A recent report by the South African Depression and Anxiety Group (Sadag) found that 9% of all teen deaths are due to suicide, and this figure is on the increase.
This year, for Teen Suicide Prevention Week (14 – 21 February 2022), The South African Depression and Anxiety Group (SADAG) is helping parents, teachers and the community by sharing information on how to have difficult conversations around teen depression and suicide prevention. According to experts, teens are the most at-risk age group for suicide in South Africa, says SADAG.
“The most at-risk age group for suicide in South Africa are adolescents, and recently we are hearing about more and more teen suicides in the press all around the country. The need to talk more about Teen Suicide as it is important to help parents, teachers and our communities to identify the risk in our teens early. We need to empower them to have real conversations about issues that teens are dealing with, and help get them the urgent help they need. Talking about Teen Suicide Prevention saves lives. One teen suicide is one too many.”
Talking about Suicide Prevention, especially Teen Suicide, is often taboo, too hard, difficult and awkward. The fear of saying the wrong thing, or “planting the seed” is often what parents and teachers tell SADAG. SADAG wants to help parents and teachers on how to have conversation with their teens.
Throughout the week, SADAG will be launching an online campaign called #RealConvo’s sharing important conversation starters, helpful tips on what to say and what not to say, sharing expert videos, and resources on how to talk about Teen Suicide Prevention. You don’t need special training to have an open, authentic genuine conversation about mental health. Often, just talking about it can be the first important step in staying connected.
Risk factors for suicide among the young include the presence of mental illness- especially depression , conduct disorder, alcohol and drug abuse; previous suicide attempts ; and the availability of firearms in the home. In South Africa 60% of people who commit suicide are depressed
In South Africa the average suicide is 17.2 per 100 000 (8% of all deaths). This relates only to deaths reported by academic hospitals. The real figure is higher, SADAG says.
Know the signs
• Previous suicide attempts: Between 20 and 50 percent of people who kill themselves have previously attempted suicide. Those who make serious suicide attempts are at much greater risk of actually taking their lives.
• Talking about death or suicide: People who commit suicide often talk about it directly or indirectly. Be alert to such statements as, “My family would be better off without me”. Sometimes those contemplating suicide talk as if they are saying goodbye or going away.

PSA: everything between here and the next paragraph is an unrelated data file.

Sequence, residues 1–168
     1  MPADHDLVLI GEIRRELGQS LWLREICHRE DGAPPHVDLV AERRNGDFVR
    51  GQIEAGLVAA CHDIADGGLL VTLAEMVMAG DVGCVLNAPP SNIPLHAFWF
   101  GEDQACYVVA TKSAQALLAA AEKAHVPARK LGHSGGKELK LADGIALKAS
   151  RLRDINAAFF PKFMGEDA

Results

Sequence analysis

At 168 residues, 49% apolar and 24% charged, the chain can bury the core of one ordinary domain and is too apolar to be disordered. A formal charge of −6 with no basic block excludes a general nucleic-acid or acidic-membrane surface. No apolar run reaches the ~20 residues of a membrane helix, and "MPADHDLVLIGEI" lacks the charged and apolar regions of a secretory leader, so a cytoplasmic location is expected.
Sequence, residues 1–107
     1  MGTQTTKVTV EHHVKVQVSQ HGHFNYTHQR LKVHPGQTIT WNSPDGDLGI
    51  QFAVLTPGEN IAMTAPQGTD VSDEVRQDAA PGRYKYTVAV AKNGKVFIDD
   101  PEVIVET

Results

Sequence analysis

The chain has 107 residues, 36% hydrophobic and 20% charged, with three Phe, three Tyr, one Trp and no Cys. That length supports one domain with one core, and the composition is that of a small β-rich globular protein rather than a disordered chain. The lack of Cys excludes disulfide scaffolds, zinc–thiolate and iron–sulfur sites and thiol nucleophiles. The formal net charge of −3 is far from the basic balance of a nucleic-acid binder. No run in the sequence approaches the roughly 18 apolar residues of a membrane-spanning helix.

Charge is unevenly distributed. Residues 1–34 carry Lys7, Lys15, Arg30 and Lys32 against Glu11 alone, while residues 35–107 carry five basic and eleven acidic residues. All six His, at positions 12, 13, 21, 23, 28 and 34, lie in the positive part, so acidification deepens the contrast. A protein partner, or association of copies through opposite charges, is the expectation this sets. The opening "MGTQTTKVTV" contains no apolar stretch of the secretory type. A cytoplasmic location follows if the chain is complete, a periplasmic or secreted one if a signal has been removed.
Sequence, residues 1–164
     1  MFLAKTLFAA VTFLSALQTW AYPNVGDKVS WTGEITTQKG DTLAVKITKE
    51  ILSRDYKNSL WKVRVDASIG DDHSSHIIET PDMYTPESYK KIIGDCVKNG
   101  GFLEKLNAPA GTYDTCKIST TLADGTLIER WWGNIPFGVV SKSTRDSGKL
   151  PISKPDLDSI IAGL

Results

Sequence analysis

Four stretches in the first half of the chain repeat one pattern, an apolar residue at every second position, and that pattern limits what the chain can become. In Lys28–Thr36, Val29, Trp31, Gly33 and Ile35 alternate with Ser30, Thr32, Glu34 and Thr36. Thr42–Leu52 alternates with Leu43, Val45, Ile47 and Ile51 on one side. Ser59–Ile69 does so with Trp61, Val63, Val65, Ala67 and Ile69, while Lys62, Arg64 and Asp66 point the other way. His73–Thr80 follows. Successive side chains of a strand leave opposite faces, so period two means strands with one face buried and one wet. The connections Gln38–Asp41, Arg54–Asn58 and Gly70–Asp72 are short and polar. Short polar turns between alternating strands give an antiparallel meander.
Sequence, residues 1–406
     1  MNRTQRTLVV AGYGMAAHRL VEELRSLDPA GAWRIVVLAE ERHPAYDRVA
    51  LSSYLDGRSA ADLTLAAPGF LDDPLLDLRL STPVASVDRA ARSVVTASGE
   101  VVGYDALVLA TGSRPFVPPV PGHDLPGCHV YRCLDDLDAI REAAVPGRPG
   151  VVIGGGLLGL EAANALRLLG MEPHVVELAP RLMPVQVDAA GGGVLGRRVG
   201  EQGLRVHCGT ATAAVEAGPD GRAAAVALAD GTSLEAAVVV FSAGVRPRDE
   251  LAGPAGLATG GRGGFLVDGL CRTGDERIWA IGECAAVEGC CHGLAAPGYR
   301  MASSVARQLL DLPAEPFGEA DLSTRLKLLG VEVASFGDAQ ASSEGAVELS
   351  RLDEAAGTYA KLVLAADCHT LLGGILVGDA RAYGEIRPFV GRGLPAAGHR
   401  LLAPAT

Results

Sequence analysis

• Depression: Although most depressed people are not suicidal, most suicidal people are depressed. Serious depression can be manifested in obvious sadness, but often it is expressed instead as a loss of pleasure or withdrawal from activities that had once been enjoyable.
• Be concerned about depressed persons if at least five of the following symptoms have been present nearly every day for at least two weeks:
- depressed mood
- change in sleeping patterns
- change in appetite or weight
- speaking or moving with unusual speed or slowness
- fatigue or loss of energy
- feelings of worthlessness , self-reproach or guilt
- thoughts of death or suicide
Additional factors that point to an increased risk for suicide in depressed individuals are:
- Extreme anxiety, agitation or enraged behaviour
- Excessive drug and / or alcohol
use or abuse
- History of physical or emotional illness
- Feelings of hopelessness or desperation
Take the signs seriously
- 75% of all suicides give some warning of their intentions to a friend or family member
- All suicide threats and attempts should be taken seriously.
Be willing to listen
- Take the initiative to ask what is troubling them
- If your friend or relative is depressed DON’T be afraid to ask whether he/she is considering suicide
- Do NOT attempt to argue anyone out of suicide, rather let the person know that you care and understand that they are not alone, that suicidal feelings are temporary, that depression can be treated and that problems can be solved. AVOID the temptation to say, “ You have so much to live for” or that “ suicide will hurt your family”.
In a crisis
- In an acute crisis , take the person to an emergency room or walk-in clinic – DO NOT leave the person alone until help is available
- Remove drugs , razors, scissors or firearms that could be used in a suicide attempt away from the potentially suicidal person
- If the above options are unavailable call your local emergency numbers.
Contact SADAG on 0800 567 567.